First Party Data: What Is It and Why Do You Need It

Third-party data is on the way out. Customers are starting to place a higher priority on privacy, and that means they’re opting out of (or outright blocking) data tracking applications on their apps and on the web.

Software companies are taking notice. Messaging apps that offer end-to-end encryption like Signal, Wire, and Telegram are growing in popularity. Apple recently made news by adding an opt-in feature for data tracking in all third-party applications, ruffling feathers in the advertising world. Most notably, Google Chrome followed Safari and Firefox by announcing that it would soon block all third-party cookies.

It seems likely that advertisers and marketers will soon lose most or all of their access to third-party data, bringing the importance of first-party data to the forefront. Here’s why you need to familiarize yourself with first-party data before it’s too late.

What Is First-Party Data?

First-party data is any data that an organization collects directly, rather than counting on a third party to collect it. First-party data generally comes from customers, site visitors, and social media followers, but doesn’t include data about strangers that have never interacted with your company.

First-party data also tends to be the most reliable and most valuable, since it’s collected directly and comes from the people that matter the most — your existing audience.

How to Collect First-Party Data

Typically, you’ll assemble first-party data from your site analytics and a pixel added to your website, product, and social profiles. That pixel will collect information about behaviors and actions and record it to your CRM to be collated and analyzed. A pixel can give you excellent anonymized data on a particular web visitor, but it can’t tie that data to a specific person. To collect individualized user data, you might use:

  • Registration: requiring or at least incentivizing registration is an excellent way to get some basic information out of your customers. Offer benefits to registration, like the ability to save shipping and payment information or personalized suggestions. If you can get a name and email address, you can tie that person’s identity to the behavioral data from the tracking pixel.
  • Expanded research: despite a recent push for privacy, many people still put a lot of personal information online. They might use the same email to register for your site as they do on LinkedIn, for example, allowing you to learn their company and job title.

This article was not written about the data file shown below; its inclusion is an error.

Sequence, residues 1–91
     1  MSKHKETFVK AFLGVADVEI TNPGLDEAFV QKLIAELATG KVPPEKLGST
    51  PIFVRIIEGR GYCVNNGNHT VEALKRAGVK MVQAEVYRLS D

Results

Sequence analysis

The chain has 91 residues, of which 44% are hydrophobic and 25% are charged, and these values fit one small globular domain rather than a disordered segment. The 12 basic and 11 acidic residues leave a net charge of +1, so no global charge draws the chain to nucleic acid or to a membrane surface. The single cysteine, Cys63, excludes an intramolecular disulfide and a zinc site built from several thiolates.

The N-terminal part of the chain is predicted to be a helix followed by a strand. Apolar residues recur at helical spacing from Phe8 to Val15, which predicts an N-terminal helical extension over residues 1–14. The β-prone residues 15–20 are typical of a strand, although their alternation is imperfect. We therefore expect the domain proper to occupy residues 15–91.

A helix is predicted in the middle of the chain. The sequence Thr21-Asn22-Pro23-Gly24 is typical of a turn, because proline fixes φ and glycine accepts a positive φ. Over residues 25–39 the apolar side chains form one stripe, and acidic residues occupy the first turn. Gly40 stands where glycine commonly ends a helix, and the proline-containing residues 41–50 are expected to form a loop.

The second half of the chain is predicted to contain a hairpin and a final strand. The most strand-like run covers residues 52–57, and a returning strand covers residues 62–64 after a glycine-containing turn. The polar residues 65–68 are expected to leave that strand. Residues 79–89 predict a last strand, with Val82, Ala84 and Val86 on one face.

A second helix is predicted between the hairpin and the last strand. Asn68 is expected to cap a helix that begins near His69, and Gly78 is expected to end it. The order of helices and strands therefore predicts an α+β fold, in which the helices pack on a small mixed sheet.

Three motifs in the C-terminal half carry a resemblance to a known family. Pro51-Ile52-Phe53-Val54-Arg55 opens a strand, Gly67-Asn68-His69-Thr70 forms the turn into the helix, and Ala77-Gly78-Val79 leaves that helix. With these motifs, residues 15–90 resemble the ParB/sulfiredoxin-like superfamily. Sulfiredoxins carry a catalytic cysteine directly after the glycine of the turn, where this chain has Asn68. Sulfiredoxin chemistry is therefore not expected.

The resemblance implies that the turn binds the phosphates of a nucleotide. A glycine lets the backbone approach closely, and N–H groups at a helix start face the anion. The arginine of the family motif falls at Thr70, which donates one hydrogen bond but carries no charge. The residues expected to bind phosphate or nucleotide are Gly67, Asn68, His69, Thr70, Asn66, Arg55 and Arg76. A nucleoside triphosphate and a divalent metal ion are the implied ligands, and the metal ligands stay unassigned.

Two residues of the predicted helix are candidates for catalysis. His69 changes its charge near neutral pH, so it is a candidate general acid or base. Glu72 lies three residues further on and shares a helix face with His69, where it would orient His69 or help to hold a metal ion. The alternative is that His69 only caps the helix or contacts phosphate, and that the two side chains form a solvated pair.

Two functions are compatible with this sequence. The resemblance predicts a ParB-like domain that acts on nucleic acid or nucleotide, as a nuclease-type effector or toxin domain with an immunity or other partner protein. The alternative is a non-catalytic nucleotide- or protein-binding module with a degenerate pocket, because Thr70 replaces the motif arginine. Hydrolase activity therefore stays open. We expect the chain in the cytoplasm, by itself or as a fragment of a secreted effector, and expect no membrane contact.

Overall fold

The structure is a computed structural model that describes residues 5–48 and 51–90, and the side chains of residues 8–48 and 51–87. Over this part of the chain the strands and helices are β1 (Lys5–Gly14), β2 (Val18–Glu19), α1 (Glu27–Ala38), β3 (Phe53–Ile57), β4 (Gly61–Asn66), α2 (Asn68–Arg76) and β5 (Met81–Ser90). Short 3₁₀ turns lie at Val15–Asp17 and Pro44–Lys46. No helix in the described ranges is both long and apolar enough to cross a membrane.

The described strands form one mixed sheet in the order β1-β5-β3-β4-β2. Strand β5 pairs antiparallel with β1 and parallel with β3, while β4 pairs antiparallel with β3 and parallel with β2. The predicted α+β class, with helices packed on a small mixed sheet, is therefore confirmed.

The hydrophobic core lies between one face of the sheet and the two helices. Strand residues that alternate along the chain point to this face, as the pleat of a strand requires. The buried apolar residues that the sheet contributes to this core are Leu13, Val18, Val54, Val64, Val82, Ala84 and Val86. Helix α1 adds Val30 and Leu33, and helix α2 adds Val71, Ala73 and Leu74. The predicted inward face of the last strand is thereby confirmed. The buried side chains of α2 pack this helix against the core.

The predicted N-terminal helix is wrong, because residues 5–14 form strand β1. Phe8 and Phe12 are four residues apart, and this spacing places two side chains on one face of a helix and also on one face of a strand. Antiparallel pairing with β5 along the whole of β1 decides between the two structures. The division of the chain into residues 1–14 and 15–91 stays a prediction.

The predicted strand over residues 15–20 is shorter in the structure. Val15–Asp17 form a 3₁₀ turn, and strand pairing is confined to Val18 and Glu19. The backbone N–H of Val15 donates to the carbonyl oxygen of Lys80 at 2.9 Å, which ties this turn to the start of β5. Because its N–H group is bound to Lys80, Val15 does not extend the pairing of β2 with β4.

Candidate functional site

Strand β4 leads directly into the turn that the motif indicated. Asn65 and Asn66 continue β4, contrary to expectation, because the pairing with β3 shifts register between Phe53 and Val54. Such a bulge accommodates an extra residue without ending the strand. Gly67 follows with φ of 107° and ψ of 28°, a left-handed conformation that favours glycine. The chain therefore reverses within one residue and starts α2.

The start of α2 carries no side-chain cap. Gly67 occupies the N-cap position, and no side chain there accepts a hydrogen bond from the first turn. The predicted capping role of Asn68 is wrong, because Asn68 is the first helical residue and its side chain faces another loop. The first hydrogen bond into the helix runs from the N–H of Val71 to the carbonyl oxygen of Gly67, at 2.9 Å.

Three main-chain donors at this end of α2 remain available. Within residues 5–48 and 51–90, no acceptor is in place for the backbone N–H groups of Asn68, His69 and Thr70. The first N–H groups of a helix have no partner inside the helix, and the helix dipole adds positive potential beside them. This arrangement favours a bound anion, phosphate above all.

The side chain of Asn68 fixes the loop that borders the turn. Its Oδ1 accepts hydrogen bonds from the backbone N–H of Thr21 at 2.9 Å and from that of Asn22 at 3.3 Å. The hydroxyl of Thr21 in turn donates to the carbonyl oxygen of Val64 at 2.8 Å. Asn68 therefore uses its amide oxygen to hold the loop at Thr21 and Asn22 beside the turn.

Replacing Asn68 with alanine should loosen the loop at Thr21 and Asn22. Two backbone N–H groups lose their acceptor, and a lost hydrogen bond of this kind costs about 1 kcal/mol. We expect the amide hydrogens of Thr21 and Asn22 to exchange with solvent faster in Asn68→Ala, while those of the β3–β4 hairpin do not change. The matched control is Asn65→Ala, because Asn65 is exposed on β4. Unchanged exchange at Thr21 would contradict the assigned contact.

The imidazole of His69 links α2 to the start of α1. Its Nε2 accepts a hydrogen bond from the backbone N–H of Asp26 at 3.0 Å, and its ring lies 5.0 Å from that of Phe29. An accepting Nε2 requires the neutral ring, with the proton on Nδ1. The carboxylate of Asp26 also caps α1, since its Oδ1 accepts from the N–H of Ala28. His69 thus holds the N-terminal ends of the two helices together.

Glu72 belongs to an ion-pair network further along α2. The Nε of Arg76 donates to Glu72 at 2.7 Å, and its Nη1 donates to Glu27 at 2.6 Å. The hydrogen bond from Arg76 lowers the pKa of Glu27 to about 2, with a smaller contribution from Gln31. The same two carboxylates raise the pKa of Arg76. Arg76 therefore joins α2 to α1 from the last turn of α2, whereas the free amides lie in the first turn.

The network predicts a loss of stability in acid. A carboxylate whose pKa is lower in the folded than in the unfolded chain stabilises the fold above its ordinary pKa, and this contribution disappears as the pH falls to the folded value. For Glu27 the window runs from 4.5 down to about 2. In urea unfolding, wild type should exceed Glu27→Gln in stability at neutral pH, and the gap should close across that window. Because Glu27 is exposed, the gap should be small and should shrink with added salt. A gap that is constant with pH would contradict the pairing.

Technology is your friend — there are several utilities available that can help you collect publicly available information about people using social media profiles. The more data you can collect and integrate into your CRM, the better.
  • Behavior profiling: as you collect first-person data, you’ll start to notice patterns in people’s behavior. They might read the same blogs, download the same articles, or sign in at the same time of day. If you can find patterns in behavior and connect them to certain characteristics, you can make educated guesses about what future customers will be interested in.]

The Value of First-Party Data

First-party data isn’t just a necessary replacement for waning access to third-party data — it can have significant advantages of its own. First, as we mentioned earlier, it’s much more reliable than third-party data. When you use third-party information to target ads or build email lists, you have no idea how reliable or current the information is. You might target someone who no longer works in the right field or lives in the right state for your product.

With first-party data, you know the data is reliable because you gathered it yourself. More accurate data allows you to conduct better targeting, putting pertinent information in front of people who can benefit from it the most.

More accurate data will also lead to better marketing performance. In any campaign, a certain amount of money is wasted on people who aren’t interested in your product, but a more accurate picture of the desires and needs of your target market will cut down on that waste.

Finally, your measurement and attribution will improve significantly. By tracking individual visitors and customers across your site and social channels, you’ll gain valuable insights into how your customers conduct research and make decisions. The more you know about how strangers move down your purchase funnel to become customers, the more accurately you can help them along the journey.

Take Advantage of Technology

First-party data collection is going to be crucial for all brands moving forward — you can’t afford to ignore this shift in the way digital marketing is done. To fully take advantage of first-party data, you’ll need to find the right tools to collect, analyze, and take advantage of the data you need. Embrace the role of technology in data collection and your company will be prepared for this new shift in the online world.

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